When it first dawned on me that I was a single mom, my heartbeat with such trepidation. I couldn’t shake all the voices in my head. I was so worried about what others would think, how I would be perceived. The single mom stereotypes were all that haunted me at night. Single moms have always been portrayed to be poor and on welfare, angry and desperate. There were some single mom stereotypes I was sure I would never going to fit, but there was one I was outright set on not to fit, “the bitter baby mamma” stereotype.
I can’t even count how many times I have heard someone refer to a single mother as bitter and angry. Honestly, I may have said it a time or two. But she was bitter, and I don’t think it had anything to do with her motherhood status. I am not quite sure why bitterness is a stereotype ascribed to single mothers. But there are some obvious reasons why a single mother would be bitter. Perhaps, she is a solo parent with little to no help with and for her child. She may have experienced heartbreak and has yet to heal from it. Maybe she’s angry her life didn’t go as planned.
There are tons of things that may have occurred that would make one angry, resentful, and yes, bitter. I experienced such a tumultuous divorce. Bitterness probably would have been accepted and understood. I have witnessed the effects of a bitter single mother. My quest to be the exact opposite became a priority.
We associate grief with the death of a person, but there is more to grief. Grief is essentially about loss; the loss of a person, a thing, or even an idea. The key to ridding myself of all bitterness about becoming a single mom was grief. I had to grieve my idea of how I thought my life would be. We were supposed to be married forever. I hoped to have raised our son together, in the same home, as a unit. But that’s not how it turned out to be. Not only did I have to mourn the loss of my marriage, but I also had to grieve all of the hopes and aspirations I had for our family unit. Defying the bitter baby mamma stereotype alone was not ideal.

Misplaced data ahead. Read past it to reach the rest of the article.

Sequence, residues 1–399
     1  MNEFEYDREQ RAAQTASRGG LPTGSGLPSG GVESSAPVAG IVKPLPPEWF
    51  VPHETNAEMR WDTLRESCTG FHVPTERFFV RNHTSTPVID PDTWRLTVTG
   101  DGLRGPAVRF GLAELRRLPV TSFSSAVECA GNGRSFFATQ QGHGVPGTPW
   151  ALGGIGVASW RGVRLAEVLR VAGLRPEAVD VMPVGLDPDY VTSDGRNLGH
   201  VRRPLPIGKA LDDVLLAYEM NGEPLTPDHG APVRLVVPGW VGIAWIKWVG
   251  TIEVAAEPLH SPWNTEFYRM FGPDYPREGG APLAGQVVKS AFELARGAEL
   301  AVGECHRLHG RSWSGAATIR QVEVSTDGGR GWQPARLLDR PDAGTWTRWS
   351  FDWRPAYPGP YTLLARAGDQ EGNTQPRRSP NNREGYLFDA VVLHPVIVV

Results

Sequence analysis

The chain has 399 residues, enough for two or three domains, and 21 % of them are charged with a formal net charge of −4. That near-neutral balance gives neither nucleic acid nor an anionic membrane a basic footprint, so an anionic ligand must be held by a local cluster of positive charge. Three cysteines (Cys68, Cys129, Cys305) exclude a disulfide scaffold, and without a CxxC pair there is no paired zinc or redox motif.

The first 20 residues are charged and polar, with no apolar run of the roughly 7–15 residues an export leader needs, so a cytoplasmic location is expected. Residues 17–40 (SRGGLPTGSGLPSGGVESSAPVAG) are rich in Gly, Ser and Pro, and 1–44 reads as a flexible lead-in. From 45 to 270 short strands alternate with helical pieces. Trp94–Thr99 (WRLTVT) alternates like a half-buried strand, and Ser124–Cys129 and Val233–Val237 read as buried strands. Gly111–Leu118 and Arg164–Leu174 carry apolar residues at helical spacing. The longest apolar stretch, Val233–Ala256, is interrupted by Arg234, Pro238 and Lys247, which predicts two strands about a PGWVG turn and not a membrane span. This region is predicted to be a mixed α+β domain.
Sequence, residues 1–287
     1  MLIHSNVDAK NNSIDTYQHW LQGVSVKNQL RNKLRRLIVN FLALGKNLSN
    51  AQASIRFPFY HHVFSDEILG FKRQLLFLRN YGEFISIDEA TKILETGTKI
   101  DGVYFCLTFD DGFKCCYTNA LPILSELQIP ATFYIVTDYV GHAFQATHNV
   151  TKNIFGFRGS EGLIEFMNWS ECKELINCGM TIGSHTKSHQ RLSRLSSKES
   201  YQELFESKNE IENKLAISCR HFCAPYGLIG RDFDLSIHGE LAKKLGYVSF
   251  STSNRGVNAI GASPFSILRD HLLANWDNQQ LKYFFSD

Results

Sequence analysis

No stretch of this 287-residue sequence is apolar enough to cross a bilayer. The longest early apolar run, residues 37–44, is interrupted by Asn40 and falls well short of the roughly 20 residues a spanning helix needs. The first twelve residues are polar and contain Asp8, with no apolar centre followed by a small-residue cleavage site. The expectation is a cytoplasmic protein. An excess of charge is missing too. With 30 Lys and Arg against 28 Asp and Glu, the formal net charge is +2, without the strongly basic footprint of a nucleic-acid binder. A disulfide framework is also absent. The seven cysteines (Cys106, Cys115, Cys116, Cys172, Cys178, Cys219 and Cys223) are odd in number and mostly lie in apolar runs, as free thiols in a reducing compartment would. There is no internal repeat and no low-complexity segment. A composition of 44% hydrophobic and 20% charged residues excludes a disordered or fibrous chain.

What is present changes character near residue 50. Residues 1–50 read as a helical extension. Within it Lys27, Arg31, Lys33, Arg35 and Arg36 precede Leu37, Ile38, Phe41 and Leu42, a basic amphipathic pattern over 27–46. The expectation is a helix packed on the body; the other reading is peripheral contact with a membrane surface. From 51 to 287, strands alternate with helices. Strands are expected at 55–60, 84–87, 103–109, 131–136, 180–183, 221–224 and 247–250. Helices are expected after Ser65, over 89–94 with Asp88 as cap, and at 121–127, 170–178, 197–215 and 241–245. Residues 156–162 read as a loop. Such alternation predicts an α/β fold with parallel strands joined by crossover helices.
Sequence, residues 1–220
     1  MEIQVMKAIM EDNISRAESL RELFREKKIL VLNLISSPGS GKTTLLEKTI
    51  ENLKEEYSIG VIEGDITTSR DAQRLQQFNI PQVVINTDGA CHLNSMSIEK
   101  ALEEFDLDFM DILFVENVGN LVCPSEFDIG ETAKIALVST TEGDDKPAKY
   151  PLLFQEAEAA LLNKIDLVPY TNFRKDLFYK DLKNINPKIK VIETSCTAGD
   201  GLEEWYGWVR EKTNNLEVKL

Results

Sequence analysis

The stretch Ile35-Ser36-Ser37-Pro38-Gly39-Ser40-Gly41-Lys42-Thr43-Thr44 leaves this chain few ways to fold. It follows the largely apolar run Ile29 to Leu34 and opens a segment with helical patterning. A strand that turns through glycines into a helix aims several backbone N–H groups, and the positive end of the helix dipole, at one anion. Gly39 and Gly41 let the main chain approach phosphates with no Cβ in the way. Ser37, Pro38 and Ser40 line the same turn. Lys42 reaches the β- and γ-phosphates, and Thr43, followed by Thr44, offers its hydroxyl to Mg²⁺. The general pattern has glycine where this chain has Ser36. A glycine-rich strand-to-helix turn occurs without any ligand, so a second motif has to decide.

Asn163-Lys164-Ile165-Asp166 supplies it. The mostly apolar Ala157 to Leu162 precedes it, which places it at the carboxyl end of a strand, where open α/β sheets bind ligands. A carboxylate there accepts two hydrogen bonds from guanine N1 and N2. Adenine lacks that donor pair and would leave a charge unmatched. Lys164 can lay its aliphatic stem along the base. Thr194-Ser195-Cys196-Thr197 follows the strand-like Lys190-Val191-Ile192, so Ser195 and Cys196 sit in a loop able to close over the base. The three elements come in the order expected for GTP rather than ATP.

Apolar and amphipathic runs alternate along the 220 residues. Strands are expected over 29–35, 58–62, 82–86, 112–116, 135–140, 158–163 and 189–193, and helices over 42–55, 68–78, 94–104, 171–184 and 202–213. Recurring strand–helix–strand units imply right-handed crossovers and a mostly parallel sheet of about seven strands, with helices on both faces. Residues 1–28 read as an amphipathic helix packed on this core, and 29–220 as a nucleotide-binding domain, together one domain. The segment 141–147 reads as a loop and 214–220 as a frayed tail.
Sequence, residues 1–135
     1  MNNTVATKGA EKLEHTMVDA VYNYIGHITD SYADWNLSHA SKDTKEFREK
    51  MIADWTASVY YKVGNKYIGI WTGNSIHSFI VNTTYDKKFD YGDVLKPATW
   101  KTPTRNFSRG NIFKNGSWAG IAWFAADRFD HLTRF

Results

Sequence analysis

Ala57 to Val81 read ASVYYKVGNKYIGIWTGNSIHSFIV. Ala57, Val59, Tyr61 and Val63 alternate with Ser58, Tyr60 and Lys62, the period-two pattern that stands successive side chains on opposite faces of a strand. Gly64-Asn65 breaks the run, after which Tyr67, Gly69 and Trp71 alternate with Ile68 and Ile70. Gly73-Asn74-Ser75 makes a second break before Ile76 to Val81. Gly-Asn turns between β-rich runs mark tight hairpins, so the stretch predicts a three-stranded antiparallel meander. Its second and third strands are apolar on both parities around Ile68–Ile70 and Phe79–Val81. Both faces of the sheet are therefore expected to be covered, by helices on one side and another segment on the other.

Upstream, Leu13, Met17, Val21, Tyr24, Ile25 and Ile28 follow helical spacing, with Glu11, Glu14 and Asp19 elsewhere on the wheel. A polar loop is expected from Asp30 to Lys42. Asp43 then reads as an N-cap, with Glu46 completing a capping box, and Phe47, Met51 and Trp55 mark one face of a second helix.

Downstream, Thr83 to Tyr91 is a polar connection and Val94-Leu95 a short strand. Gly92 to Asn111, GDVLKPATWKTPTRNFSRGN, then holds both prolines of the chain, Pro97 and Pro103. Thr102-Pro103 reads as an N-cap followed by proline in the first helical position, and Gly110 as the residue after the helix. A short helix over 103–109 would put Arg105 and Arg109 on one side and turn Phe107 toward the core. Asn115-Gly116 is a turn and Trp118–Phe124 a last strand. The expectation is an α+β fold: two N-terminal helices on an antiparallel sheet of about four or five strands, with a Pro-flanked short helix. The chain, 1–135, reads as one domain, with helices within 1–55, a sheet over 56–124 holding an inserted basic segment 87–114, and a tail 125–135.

My mom was an awesome example. My brothers and I never witnessed my mom utter harsh words towards my father. Anger and bitterness never were on display for us to see. With her example and with the guidance of my therapist, I have been able to walk through the stages of grief, allowing the bitterness to ebb.
Setting an example
It’s rare that a woman purposely sets out to become a single mom. I am sure there are some but, most have a quasi, ideal family they have envisioned to have ever since they were just a little girl. I am sure my mother did not plan on becoming a single mom of 3. And a single mom to a young black boy was definitely not my ideal situation. But here we are. Once I got over the fact that I was following in the same unfavorable steps as my mother, I decided to model her example. I know my son is watching me, just as I watched my mother. He’s watching how I speak to his father. He is paying attention to how I react to certain things. I know he is. Knowing that he’s a very attentive boy helps keep my bitterness in check.
They say it takes more muscle to frown than it does to smile. I read that was a myth. Who knows what’s true? What I do know for sure… carrying around unforgiveness and bitterness is a heavy burden. It probably does take more strength to carry it all every single day. I can literally feel the tension in my neck and shoulders every time I allow bitterness to settle. Why light unnecessary weight?
As valid as my bitterness may have been, I understood very quickly it wasn’t healthy for me to carry it and it certainly was not sound to allow my child to be privy to it. The single mom stereotypes run deep. I, honestly thought they were inevitable. There were some I just knew I was going to apply to me at some point during my single mom journey. A single mom may have every right to be bitter, but that doesn’t mean she should hold on to that bitterness and display it for the world to see. I am so grateful I was determined and resilient enough to rid myself of the bitterness early. It made me a better me.
Are you a single mom? Have you struggled with defying the stereotypes that come along with single motherhood? Are you a bitter baby mamma?